Millions of Women in U.S. Not Getting Screened for Cervical Cancer Says CDC
The Centers for Disease Control and Prevention (CDC) estimates roughly eight million women ages 21 to 65 have not been screened for cervical cancer in the last five years. According to national cancer rate data, in 2011 there were 12,109 women diagnosed with cervical cancer and 4,092 who passed away from the disease. The CDC believes that more than half of new cases occurred among women who have never or have rarely been screened.
Cervical cancer screening is done with two methods. A regular Pap smear is recommended for all women age 21 and older. Doctors also may recommend women age 30 and older get an HPV test done at the same time as their Pap test. Co-testing, when these two tests are run together, helps detect both precancerous cell changes and the human papillomavirus (HPV) that can cause the cell changes that lead to development of cervical cancer.
The rates of cervical cancer cases and deaths have been reduced drastically in the last 40 years as a result of better screening. However, advances in screening cannot benefit a woman unless she undergoes regular exams. If your doctor tells you your Pap smear is normal, he or she may not need to see you again for another test for three years. Older women who have had several normal Pap smears and the HPV test may be able to go five years between screenings. Consult your doctor about when to return for your next screening.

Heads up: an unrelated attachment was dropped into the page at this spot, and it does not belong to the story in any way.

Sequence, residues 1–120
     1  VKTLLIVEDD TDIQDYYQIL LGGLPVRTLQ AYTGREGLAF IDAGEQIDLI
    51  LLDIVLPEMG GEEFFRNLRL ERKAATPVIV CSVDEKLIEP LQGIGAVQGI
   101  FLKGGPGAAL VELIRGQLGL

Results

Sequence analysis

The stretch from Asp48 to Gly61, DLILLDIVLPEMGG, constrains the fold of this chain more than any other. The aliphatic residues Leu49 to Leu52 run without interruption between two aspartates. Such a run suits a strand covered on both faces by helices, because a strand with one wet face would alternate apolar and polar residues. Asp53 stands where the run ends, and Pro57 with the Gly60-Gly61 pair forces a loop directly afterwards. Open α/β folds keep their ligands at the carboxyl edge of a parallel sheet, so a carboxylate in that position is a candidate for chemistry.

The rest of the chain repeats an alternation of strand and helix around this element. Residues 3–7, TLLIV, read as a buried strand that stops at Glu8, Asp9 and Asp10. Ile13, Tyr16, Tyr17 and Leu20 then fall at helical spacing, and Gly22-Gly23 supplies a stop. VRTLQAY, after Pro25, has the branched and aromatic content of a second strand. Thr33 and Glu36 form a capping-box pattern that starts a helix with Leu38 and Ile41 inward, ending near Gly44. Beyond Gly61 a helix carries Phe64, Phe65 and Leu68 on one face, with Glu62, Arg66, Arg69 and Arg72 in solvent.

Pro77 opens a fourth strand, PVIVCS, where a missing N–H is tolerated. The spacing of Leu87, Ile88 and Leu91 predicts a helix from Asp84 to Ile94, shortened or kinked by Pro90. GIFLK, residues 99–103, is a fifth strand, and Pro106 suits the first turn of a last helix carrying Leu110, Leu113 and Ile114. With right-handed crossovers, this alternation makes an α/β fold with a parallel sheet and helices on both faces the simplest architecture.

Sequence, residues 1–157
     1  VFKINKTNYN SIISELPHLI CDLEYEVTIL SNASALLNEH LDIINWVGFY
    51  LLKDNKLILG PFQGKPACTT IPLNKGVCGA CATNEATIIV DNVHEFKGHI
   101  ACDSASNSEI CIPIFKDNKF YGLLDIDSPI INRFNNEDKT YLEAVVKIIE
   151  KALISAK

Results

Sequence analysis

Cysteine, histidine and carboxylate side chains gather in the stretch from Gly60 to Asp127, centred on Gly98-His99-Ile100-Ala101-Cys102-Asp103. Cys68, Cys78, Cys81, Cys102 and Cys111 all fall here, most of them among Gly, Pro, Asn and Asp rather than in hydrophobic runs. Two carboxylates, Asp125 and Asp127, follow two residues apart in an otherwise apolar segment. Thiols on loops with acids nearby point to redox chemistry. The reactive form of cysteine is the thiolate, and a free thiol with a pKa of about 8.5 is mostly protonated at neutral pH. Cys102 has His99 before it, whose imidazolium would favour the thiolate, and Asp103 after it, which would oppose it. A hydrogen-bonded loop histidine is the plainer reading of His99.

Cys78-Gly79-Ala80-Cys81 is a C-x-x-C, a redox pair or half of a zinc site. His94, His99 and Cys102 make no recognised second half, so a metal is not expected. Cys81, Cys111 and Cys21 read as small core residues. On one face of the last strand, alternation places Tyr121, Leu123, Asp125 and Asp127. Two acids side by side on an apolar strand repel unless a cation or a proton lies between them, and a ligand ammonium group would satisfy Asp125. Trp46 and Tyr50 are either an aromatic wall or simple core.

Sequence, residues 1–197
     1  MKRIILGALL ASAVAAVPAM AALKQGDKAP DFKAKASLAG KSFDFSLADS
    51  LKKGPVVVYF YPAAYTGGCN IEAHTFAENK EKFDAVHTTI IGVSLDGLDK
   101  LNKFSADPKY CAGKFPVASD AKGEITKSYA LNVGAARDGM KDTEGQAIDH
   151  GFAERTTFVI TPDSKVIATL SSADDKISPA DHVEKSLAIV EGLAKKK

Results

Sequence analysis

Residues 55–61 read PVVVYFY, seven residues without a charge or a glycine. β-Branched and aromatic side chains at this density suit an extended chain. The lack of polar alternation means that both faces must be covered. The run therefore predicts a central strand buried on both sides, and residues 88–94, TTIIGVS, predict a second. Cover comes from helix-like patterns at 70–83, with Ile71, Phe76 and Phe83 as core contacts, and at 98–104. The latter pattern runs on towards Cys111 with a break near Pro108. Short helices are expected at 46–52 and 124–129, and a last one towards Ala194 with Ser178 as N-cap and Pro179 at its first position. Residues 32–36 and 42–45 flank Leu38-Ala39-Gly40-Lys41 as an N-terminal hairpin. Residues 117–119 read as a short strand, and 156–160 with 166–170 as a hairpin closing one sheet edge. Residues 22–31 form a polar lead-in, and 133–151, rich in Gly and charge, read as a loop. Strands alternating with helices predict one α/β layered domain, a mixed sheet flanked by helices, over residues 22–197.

Cervical cancer is one of the many types of cancer that can lead to severe disabilities, both from the disease itself and the treatments used to treat the disease. The treatments for cervical cancer can range from surgery to chemotherapy, both of which can result in several weeks or months of missed employment.
If you have been diagnosed with cervical cancer and are finding it impossible to continue to work and earn an income while undergoing treatment or after treatment is completed, you may be entitled to Social Security disability benefits. The Disability Help Group is here to help claimants file and appeal their disability claims. Contact us for a free consultation. Call today – 1-(800)-800-3332.